New-generation starter generators: untiring helpers

The belt-driven starter generator (RSG) is coupled with the internal combustion engine like the alternator is today. The combination of starter motor and generator assists the internal combustion engine when starting, accelerating and recovering energy. It uses existing alternator mounts and thus does not impact the design of the powertrain. The conversion to a 48-volt system is also relatively easy to realise on existing platforms with RSG.

The integrated starter generator (ISG) combines the starter motor and the generator in one powerful electric motor that is installed between engine and transmission and is also used for cold starts. It replaces both the existing alternator and the starter motor. The integrated electric motor assists the internal combustion engine, for example when accelerating, and supplies the battery with power by means of high-efficiency energy recovery. Especially in combination with a 48-volt battery, the necessary adaptations of the powertrain architecture pay long-term dividends in the form of higher fuel savings.

48-volt on-board power supply: a host of fuel-economy and comfort advantages

The introduction of the new engine generation once more blurs the lines between petrol and hybrid models. Perspectively, all Mercedes-Benz passenger cars will be electrified, because the company is at the same time systematically advancing the development of the 48-volt on-board power supply. The technology will be introduced in various model series step by step. The 48-volt on-board power supply offers four times the power of its 12-volt predecessor at unchanged currents, but without the additional safety architecture of a high-voltage system. Furthermore, this low-voltage system makes fuel savings possible that previously were the exclusive domain of the high-voltage hybrid technology. That is because the important hybrid functions "energy recovery", "boost" and "starting off and manoeuvring in electric mode" can be realised for the first time without high-voltage components. In addition, the durability of such a starter concept is so good that the engine can be switched off much more often and thus any time it is not needed: when coasting to a stop or when sailing, a fuel-saving rolling at higher speeds, as soon as the driver lifts off the accelerator.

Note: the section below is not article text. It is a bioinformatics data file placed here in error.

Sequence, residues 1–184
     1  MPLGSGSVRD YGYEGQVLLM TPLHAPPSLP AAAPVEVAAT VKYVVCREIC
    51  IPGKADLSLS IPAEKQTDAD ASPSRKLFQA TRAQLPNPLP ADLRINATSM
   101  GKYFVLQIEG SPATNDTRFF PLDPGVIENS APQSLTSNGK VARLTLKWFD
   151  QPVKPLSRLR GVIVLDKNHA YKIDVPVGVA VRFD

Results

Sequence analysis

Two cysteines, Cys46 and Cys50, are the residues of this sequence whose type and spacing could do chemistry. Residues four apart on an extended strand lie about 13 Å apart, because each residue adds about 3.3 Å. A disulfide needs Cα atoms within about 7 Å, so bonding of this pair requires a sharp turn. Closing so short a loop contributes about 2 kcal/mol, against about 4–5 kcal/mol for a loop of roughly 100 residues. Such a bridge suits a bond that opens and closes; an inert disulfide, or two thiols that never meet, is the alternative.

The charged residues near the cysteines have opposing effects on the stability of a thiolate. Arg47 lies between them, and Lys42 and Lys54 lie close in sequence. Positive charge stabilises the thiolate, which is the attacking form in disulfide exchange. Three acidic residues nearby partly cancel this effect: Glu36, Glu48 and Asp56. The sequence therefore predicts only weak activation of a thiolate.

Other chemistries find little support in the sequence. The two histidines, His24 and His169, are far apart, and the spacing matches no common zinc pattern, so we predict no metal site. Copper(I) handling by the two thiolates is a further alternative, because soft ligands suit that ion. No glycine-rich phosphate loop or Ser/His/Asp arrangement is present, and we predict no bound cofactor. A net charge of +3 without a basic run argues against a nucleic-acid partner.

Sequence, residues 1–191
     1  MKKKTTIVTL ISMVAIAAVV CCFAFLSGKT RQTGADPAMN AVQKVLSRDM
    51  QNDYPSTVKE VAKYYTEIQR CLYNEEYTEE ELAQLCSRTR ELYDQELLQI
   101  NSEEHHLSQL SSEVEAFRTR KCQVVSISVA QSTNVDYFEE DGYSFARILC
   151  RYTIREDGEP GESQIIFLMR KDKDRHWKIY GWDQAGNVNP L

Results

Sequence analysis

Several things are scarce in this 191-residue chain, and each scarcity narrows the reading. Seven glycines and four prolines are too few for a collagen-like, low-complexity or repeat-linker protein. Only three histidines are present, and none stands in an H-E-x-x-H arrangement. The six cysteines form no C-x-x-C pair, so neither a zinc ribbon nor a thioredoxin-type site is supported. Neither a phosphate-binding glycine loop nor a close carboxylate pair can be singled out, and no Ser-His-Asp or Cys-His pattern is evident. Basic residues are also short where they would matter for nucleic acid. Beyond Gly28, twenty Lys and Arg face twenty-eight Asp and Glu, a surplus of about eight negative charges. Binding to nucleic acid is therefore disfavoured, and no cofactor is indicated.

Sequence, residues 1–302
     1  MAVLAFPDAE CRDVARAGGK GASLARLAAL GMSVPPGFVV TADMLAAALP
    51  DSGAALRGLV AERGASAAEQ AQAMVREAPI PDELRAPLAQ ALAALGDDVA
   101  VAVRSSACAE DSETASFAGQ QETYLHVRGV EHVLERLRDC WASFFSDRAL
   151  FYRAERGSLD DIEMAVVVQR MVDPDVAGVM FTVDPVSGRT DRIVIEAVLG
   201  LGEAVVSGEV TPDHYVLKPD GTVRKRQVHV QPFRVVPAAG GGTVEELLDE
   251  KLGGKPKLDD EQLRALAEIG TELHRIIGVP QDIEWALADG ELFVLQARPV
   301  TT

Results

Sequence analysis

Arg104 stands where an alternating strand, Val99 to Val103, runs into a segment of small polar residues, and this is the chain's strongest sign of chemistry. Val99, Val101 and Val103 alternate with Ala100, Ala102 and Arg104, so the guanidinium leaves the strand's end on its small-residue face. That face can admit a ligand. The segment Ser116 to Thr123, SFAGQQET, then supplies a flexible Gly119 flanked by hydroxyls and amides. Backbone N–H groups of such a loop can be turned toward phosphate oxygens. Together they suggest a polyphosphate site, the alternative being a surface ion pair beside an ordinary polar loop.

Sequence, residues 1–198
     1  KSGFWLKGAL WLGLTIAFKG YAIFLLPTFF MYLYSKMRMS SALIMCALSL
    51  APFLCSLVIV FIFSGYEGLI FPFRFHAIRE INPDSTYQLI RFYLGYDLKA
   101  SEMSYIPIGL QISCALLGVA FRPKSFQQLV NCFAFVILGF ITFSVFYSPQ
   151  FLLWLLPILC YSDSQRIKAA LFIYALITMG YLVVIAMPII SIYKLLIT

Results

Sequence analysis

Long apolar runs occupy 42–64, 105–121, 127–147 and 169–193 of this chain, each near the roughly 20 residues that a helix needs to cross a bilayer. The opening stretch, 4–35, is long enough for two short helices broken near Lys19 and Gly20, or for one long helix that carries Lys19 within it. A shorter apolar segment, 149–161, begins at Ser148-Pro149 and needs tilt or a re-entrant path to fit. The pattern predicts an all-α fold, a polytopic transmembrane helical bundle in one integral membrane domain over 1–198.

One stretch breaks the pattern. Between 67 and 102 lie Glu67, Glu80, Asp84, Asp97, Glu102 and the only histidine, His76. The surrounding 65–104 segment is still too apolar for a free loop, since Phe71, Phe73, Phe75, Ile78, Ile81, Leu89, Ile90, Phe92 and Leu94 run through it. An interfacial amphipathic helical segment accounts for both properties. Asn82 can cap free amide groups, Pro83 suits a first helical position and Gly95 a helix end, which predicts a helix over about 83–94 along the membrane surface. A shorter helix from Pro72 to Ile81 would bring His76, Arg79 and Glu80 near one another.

The integration of a 48-volt on-board power supply also offers advantages for electrical consumers in the vehicle such as the climate control system, electric heating elements or the extractor fan. At identical power, the electric currents are only one fourth of those in conventional systems. This means that the wiring can have a thinner and thus lighter design – which indirectly contributes to saving fuel.

Apart from reduced fuel consumption and CO2 emissions, the 48-volt on-board power supply also brings increased comfort. That is because a 48-volt on-board power supply is able to rev up an internal combustion engine to idle speed very smoothly. This benefits the NVH characteristics (Noise, Vibration, Harshness) and the transition during engine start becomes even more imperceptible: the engine just runs again as if it had never been off. The 48-volt on-board power supply also paves the way for the further expansion of infotainment and assistance systems.

Particulate filter for petrol models: series-production use at Mercedes-Benz in 2017

What has become the standard for diesel engines will also soon be used for petrol engines at Mercedes-Benz: the particulate filter. Mercedes-Benz is the first manufacturer planning the large-scale use of particulate filters also for petrol engines to further improve the environmental compatibility. After more than two years of positive field experience in the S 500, additional variants of the S-Class powered by a petrol engine are to be equipped with this new technology as part of the model update as early as next year. The filter will then be gradually introduced in other, new vehicle models, model updates and new engine generations. Thereafter, the use of the particulate filter is also planned for the current model series.